Last week on February 19th, author Kevin Brockmeier gave a reading at Hendrix College hosted by the Murphy Foundation. He has published a number of books (two short story collections, three novels, one memoir, and two books for younger readers) and I was pleasantly surprised that he happened to choose to read a story from the one book of his that I’ve actually read. (To be fair, “actually read” is a bit inaccurate since I have yet to finish the book because I lent it to a friend two years ago and still haven’t gotten it back, but I digress.) The story was “Andrea Is Changing Her Name” from the collection The View from the Seventh Layer. The story, rooted in nonfiction and real life events and people from Brockmeier’s high school adolescence, is an unusual one for him whose stories usually contain aspects of sci-fi and fantasy. However, I’m not here to talk about the story itself (it’s lovely and worth reading) but how it was read aloud.
The first time Kevin Brockmeier said the words “white space,” I’m sure it caught many people off guard. What does that mean? Was that a part of the story? Where did that come from? When he said it again later on, and then again after that, and then several times after that as well, the audience began to understand. When he said “white space” he wasn’t reading any written words but was letting us know that there on the page in front of him was a divide in the paragraphs—an actual white space. To part of me (and I’m sure to others) it felt awkward. When reading a story to yourself, the white space of a paragraph divide calls no attention to itself. It subtly and seamlessly lets the reader know that there will be a change in scene, setting, time, or even point-of-view in the next section of the story. In this sense, there’s a practicality and utility to this writing convention.
This semester, I have the privilege of taking Kevin Brockmeier’s creative writing special topics class on sci-fi and fantasy writing and he has offered our class another function of white space that I hadn’t thought of before: White space on a page gives emphasis to what comes directly before it. It creates a visible pause—visual silence—that makes the reader linger and ruminate on the last paragraph or sentence of that section of prose, giving that final moment an importance and weight it might not have otherwise. Considering this, it made sense to me why he decided to give us a verbal cue to when those white spaces occurred. How could we have known otherwise without looking at the page?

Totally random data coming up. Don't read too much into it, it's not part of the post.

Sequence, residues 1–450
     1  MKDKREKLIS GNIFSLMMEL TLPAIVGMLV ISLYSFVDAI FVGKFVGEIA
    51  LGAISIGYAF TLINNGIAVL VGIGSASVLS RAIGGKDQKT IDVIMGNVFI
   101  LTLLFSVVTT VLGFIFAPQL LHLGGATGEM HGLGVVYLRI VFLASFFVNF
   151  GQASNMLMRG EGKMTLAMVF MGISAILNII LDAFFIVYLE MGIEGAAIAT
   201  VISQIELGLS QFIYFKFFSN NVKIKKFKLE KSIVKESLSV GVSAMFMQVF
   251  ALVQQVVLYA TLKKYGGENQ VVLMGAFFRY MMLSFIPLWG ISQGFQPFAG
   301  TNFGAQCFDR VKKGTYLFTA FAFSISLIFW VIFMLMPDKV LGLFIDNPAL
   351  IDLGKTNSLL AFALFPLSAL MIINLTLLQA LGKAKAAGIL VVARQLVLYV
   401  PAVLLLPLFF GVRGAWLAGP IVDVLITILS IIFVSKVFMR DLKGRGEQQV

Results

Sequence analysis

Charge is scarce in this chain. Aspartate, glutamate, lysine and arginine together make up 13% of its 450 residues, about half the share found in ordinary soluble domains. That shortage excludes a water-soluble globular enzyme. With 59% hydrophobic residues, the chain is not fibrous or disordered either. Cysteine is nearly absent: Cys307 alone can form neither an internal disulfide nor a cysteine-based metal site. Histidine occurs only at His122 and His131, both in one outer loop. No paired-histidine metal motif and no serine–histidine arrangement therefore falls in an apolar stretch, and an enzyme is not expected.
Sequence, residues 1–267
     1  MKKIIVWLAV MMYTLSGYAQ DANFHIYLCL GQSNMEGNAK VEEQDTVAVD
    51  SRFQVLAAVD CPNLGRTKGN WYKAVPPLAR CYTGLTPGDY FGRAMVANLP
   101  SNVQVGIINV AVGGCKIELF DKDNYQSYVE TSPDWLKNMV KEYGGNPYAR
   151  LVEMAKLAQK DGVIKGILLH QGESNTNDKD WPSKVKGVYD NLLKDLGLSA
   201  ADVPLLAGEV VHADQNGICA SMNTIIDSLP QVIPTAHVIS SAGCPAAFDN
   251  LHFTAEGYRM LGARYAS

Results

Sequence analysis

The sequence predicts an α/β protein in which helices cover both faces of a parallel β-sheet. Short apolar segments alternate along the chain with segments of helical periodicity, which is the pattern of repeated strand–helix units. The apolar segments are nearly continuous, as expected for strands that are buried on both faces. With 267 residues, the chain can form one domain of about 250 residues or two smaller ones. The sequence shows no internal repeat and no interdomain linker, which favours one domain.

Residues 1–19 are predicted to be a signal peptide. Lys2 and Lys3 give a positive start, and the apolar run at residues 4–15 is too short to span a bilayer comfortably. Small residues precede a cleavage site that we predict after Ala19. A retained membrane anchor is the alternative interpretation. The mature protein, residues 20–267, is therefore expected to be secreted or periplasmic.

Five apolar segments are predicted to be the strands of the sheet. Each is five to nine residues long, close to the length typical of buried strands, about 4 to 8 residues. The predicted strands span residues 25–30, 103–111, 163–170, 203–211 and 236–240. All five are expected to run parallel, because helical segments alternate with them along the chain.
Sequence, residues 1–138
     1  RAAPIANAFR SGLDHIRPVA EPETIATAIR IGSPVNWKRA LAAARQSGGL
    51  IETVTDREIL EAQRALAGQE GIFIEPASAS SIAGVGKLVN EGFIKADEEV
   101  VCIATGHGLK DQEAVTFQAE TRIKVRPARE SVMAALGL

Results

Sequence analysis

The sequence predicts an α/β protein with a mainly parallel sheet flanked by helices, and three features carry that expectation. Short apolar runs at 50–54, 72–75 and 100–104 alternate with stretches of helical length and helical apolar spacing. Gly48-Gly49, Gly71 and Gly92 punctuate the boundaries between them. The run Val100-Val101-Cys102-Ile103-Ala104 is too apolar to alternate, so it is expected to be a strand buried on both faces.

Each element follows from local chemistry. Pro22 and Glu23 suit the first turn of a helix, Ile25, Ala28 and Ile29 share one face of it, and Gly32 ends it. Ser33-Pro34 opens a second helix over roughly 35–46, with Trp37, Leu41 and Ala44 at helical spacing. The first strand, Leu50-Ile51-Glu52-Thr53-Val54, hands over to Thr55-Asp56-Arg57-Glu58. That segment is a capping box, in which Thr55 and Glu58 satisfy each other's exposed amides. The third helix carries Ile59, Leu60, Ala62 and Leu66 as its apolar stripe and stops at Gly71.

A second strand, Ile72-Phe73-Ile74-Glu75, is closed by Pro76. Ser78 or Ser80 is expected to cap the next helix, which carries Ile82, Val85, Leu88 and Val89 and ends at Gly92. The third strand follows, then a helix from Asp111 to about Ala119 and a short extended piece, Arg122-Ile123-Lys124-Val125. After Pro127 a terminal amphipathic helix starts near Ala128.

Of course reading a book silently to yourself and hearing a book read aloud to you are inherently different experiences, but what do you do when aspects of the former aren’t directly translatable to the latter? There are obvious examples of this, such as e.e. cummings’ poem “r-p-o-p-h-e-s-s-a-g-r” (an extreme example) and other poetry and prose that experiment with formatting and the way words and letters are arranged on the page. But the white space of a paragraph divide—so commonplace, so ordinary a typographical feature to prose—doesn’t immediately stand out as one we give much thought to when it comes to oral recitations. But should we give it much thought? Clearly Kevin Brockmeier does and he has made a choice to represent it in his readings. Whether it’s the right choice or the best choice is up for debate. Perhaps a slightly extended pause would be more effective, creating physical silence to represent the visual silence. Perhaps for some stories or poems, it doesn’t matter as much and the gap between reading and hearing literature isn’t one that always needs to be bridged.
Depending on your experiences with literary readings, you might have strong opinions about this or you might not care at all. It’s a minor issue, a slight nuance, that hardly effects the quality of writing being read. However, it also speaks plenty about our interactions with words and literature and the limits of such interactions and because of this, I think that it’s worth the time to consider.
—Carl Napolitano, 2014-15 Aonian Editor-in-chief